I was listening to a mental health professional in Sunday school who was talking about her work with the homeless. She made the comment that in her 20 years of work she had found that the best results she had in helping people was when she worked with them at their own pace rather than hers.
I thought about this in church Sunday while partially listening to the annual stewardship sermon (yes it sounded just like the ones I have heard over the last 30 years). I would venture to guess that unless you are retired, or independently wealthy that we all at some point during the day operate at someone else’s pace other than our own. In the case of the homeless, most of the people this lady works with have been homeless for years. They have developed certain patterns, certain means of survival. For most, those patterns do not include trust, trust of others or the outside world. Her goal is to move them out of the woods or off the street into a controlled environment with a roof over their head. A place where they can acclimate back into society, and get treatment, if needed, for dependency, mental health issues or both.
Her point was this, she worked at their pace which took time, sometimes a frustratingly long time. But think about how quickly each of us can build walls, form opinions and define truths. This presidential election has offered a wonderful example of how otherwise sane and rational people can jump into the deep end and no amount of calm or truth speak will change the views they have formed.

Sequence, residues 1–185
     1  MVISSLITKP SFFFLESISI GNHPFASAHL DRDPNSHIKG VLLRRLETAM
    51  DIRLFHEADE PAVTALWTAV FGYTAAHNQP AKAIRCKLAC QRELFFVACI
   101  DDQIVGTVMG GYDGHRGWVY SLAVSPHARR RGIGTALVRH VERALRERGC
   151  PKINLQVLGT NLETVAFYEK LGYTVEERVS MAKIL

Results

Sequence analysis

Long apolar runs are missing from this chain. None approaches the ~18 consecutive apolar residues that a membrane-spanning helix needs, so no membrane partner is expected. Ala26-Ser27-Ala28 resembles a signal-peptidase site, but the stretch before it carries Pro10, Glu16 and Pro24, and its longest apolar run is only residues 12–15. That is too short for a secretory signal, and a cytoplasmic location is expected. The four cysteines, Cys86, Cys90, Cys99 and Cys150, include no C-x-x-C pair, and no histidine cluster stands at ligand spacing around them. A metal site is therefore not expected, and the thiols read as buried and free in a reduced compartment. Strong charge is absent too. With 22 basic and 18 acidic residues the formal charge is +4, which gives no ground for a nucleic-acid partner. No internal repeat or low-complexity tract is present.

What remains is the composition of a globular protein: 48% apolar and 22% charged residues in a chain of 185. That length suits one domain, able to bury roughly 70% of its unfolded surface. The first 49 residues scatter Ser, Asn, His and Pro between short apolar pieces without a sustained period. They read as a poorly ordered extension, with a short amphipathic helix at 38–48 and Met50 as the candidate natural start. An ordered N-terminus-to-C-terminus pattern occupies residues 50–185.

When I ride my bicycle I am very conscious of my pace. If I am going on a short, flat thirty mile ride I might open it up a little. But on a sixty mile “lumpy” ride (code for hilly) I need to pace myself. I need to have enough legs to not only take me out but also get me back. It can be a very delicate balance. I have had rides where I felt great in the beginning and like crap at the end or started off with “heavy legs” but rode through it and felt fine in the end.
In the perfect world we would all dictate the pace that is most comfortable for us. But the world isn’t perfect. We have spouses, and bosses, and kids, and rent. Cars breakdown, appointments are broken, grass needs cutting, leaves need blowing and football games need to be watched, they really do.
As my years have passed I have noticed that the world has gotten faster. Instant gratification has replaced good things happen to those that wait. We feel guilty just sitting, staring out into space. The list of the “things” we could be doing or should be doing runs through our head like the Macy’s Thanksgiving Parade. I would suspect most of us relinquish our spot on the front porch and get busy doing whatever it is we think we should be doing.
When my kids were very little I would “make” them sit on the front steps of our house with me and watch the world go by. As they got older this became more difficult to do. But two weeks ago, my oldest and I were sitting on the back steps of the new home she had just purchased late in the evening. We had put in a full days work of cleaning and moving and now we were done, sharing a beer watching the sun drift down. In the quiet of that moment I asked her “What are we doing?” and she responded, twenty-two years later “Watching the world go by.” Yes we were.